Man arrested for 2004 J’lem slaying

Undercover agent sheds light on seven-year-old case.

By MELANIE LIDMAN
December 14, 2011 06:13
1 minute read.
Mark Shapiro

Mark Shapiro 311. (photo credit: Marc Israel Sellem)

 
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In a breakthrough for a seven-year-old murder case, Jerusalem Police officials on Tuesday announced the arrest of a 35-year-old man suspected of murdering an acquaintance during a mugging that turned violent.

On Monday, his remand was extended to Thursday, when police are expected to serve him with an indictment.

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The victim, 49-year-old Shmuel Siman Tov, was found in a rooftop apartment in the Mea She’arim neighborhood on August 9, 2004, with dozens of stab wounds all over his body. Police and paramedics attempted to rush him to the hospital, but he died of his wounds in a matter of minutes.

Immediately following the murder, police opened an investigation and looked into the possibility that the incident was terror-related. The investigation did not produce any results, however, and the case remained a mystery.

A few months ago, police recruited an undercover agent in an effort to catch drug dealers in Jerusalem. The agent told his handlers that a few years ago, while he had been in prison, a friend had admitted to a murder during a “robbery that went wrong.”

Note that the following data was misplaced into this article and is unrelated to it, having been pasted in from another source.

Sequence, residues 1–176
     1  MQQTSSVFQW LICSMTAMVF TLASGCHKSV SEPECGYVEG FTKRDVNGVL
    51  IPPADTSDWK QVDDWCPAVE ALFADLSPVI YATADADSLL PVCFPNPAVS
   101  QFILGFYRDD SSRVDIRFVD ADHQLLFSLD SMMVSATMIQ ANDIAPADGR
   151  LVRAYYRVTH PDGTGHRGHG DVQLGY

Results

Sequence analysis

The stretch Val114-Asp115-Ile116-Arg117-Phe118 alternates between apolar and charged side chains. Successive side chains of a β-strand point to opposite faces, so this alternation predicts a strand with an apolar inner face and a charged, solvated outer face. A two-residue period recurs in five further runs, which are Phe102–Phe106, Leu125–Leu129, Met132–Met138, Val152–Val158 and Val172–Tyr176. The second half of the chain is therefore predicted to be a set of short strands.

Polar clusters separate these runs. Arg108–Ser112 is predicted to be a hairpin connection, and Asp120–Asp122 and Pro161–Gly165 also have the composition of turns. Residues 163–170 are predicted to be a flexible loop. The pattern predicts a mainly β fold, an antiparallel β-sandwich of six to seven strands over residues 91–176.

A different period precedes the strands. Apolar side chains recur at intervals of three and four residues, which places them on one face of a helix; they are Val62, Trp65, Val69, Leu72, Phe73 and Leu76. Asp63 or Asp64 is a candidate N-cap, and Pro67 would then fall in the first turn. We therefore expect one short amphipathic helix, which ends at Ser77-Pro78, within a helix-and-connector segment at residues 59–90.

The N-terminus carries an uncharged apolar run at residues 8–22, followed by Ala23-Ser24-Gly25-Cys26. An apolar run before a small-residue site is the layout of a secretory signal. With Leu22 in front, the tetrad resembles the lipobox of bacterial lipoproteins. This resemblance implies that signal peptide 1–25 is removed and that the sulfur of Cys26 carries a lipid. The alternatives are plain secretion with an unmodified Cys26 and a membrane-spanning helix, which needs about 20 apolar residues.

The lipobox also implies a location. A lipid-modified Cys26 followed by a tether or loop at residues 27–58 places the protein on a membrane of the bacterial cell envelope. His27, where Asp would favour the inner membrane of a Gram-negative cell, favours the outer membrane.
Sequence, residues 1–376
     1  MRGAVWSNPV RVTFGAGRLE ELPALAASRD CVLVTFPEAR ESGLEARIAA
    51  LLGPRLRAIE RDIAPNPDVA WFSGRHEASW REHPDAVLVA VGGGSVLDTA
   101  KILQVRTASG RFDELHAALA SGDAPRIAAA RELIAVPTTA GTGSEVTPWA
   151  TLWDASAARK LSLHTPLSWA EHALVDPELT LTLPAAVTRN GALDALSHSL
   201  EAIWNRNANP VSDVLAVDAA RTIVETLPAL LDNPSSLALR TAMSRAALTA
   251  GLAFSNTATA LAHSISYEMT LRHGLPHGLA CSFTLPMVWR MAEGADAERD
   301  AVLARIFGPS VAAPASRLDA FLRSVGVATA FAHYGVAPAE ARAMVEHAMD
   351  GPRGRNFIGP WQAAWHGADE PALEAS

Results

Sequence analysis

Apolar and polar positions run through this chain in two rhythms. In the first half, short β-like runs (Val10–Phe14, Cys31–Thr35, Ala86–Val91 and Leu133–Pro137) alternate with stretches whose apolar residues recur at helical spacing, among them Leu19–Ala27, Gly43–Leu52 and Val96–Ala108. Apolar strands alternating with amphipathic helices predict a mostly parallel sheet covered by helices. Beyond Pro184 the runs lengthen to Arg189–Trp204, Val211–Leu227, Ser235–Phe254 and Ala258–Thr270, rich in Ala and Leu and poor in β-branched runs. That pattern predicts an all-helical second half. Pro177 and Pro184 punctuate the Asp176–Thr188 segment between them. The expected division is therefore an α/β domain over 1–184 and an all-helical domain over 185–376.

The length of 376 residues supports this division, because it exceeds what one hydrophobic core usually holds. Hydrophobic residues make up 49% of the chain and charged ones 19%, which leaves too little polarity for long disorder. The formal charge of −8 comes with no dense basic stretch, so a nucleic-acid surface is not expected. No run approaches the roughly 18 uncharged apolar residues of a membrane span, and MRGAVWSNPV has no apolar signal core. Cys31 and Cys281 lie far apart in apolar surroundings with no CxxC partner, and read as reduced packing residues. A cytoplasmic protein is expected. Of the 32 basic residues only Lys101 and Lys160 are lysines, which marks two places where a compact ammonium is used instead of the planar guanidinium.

Police immediately arrested the suspect, Mark Shapiro, on December 5. At first, Shapiro maintained his innocence, but during the investigation, he admitted to the murder and reenacted it for police.

Shapiro said that he had carried out the mugging because Siman Tov had had a large amount of money in his apartment. Siman Tov’s father, Baruch Siman Tov, said his son had just gone to the ATM and had approximately NIS 1,000.



“He was religious and a good man, he gave everything to everyone,” said the tearful father at the Jerusalem Magistrate’s Court on Monday, where he sat across from Shapiro.

Siman Tov said he had never lost faith that police would eventually find his son’s murderer, though it frustrated him that it had taken seven years.

When police told him that someone had been arrested in connection with the murder, “I felt like this had stopped weighing on my heart,” he said outside the courtroom.

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